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A healthcare professional wearing PPE administers a COVID-19 test to a patient in his car

A driver is tested for COVID-19.Credit: US Army/ZUMA Press Wire Service/Shutterstock

Is subvariant XBB.1.5 a global threat?

A coronavirus subvariant called XBB.1.5 is on the rise globally — for example, scientists estimate that it is responsible for 70% of SARS-CoV-2 cases in the northeast United States. “It’s almost certainly going to dominate in the world,” says immunologist Yunlong Cao. The variant might not cause big waves of illness, thanks to pre-existing immunity, vaccination and boosters. But researchers will still be tracking the lineage closely. The subvariant bears a rarely seen mutation that might make it more infectious — and create an opportunity for evolutionary gains.

Nature | 5 min read

Reference: bioRxiv preprint (not peer reviewed)

China’s talent plan boosts research output

Early-career expatriate scientists who returned to China on a state-funded Young Thousand Talents grant published 27% more papers than their peers who stayed abroad, found a study of 300 grant recipients. Access to funding and research staff seemed to drive the productivity gain, which disappeared when the two factors were taken into account.

Nature | 5 min read

Reference: Science paper

Every degree of warming counts for glaciers

Half of all glaciers will be gone by 2100, even if global warming is limited to the Paris agreement’s goal of 1.5 °C above pre-industrial levels. If the current trend continues — which will lead to 2.7 °C of warming — nearly 70% of the planet’s 215,000 glaciers will disappear. Researchers used 20 years of satellite data to include factors that had never been fully modelled, such as how debris covering the ice affects melt rates.

The Guardian | 5 min read

Reference: Science paper

Unearned authorship pervades science

Undeserved authorship — listing someone as co-author who didn’t contribute sufficiently to the work — is common among researchers. A survey of 2,300 researchers in the United States and 45,000 in Europe found that almost 55% of US respondents and 70% of those in Europe were aware that the practice had occurred in their projects. At least half of the respondents also reported superficial peer review and poor supervision.

Nature | 5 min read

Reference: MetaArXiv preprint (not peer reviewed)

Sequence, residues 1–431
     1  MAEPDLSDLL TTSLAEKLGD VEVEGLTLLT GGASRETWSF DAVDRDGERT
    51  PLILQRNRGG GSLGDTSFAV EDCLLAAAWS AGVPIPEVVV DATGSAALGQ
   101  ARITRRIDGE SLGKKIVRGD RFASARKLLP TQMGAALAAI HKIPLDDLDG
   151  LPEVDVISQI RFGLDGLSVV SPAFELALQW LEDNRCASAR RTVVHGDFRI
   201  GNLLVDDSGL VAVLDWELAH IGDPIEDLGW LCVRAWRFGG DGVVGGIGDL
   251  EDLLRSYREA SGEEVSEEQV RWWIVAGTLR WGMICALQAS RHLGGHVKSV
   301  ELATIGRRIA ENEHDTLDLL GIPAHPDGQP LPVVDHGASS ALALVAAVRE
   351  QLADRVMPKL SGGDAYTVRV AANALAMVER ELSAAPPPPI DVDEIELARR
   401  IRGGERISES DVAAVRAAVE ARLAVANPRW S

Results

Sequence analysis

Startup extends life of mice

US biotech company Rejuvenate Bio has extended the lives of old mice using gene therapy, according to a preprint study that has not yet been peer reviewed. Researchers used viruses to introduce three genes into the cells of mice close to the end of their lives. These genes reprogram cells to a younger state. The mice lived, on average, for another 18 weeks, compared with 9 weeks for control mice. Researchers warn that the technique has unknown risks, including cancer. “It’s a beautiful intellectual exercise, but I would shy away from doing anything remotely similar to a person,” says stem-cell biologist Vittorio Sebastiano.

MIT Technology Review | 6 min read

Reference: BioRxiv preprint

Features & opinion

Colonoscopies save lives — but how many?

In October, a huge randomized trial shocked researchers: it found that inviting people for colonoscopies might not save as many lives as expected. Digging into the study reveals a more complex picture. The tale illustrates how difficult it is for everyone, even scientists, to interpret research on cancer screening. One of the study’s authors says he chose to get a colonoscopy, but he has colleagues in other countries who did not, on the basis of the same data.

Nature | 10 min read

The rise of education research

A small but growing number of scientific faculty members are focusing on the science of teaching. They often transition to education research from a scientific discipline after becoming interested in improving their own classrooms. Although education research is sometimes perceived as low status by department heads, it can yield papers, grants and public impact, just like other disciplines — and it helps universities to adopt science-based teaching methods.

Nature | 11 min read

Infographic of the week

Transgenerational inheritance of radiation-induced DNA damage from male nematode worms.

Researchers have discovered a mechanism that might explain why the deadly effects of radiation-damaged paternal DNA skip a generation in nematode worms (Caenorhabditis elegans). Aberrant chromosomes bypass biological checkpoints in the first generation of embryos, enabling most of them to develop into adult worms. The DNA in their germlime cells (eggs and sperm) adopts a compacted form, known as heterochromatin. When these worms mate with healthy worms, their DNA does not bypass the checkpoints in the resulting embryos, most of which therefore die. (Nature News & Views | 7 min read)

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Quote of the day

“It’s gutting but everybody’s okay … We’re here and we’ve got our licence, so it would be great to do it again soon.”

Melissa Thorpe, the head of Spaceport Cornwall, speaks after the first-ever orbital mission to lift off from the United Kingdom failed to place nine satellites into orbit. (Cornwall Live | 7 min read)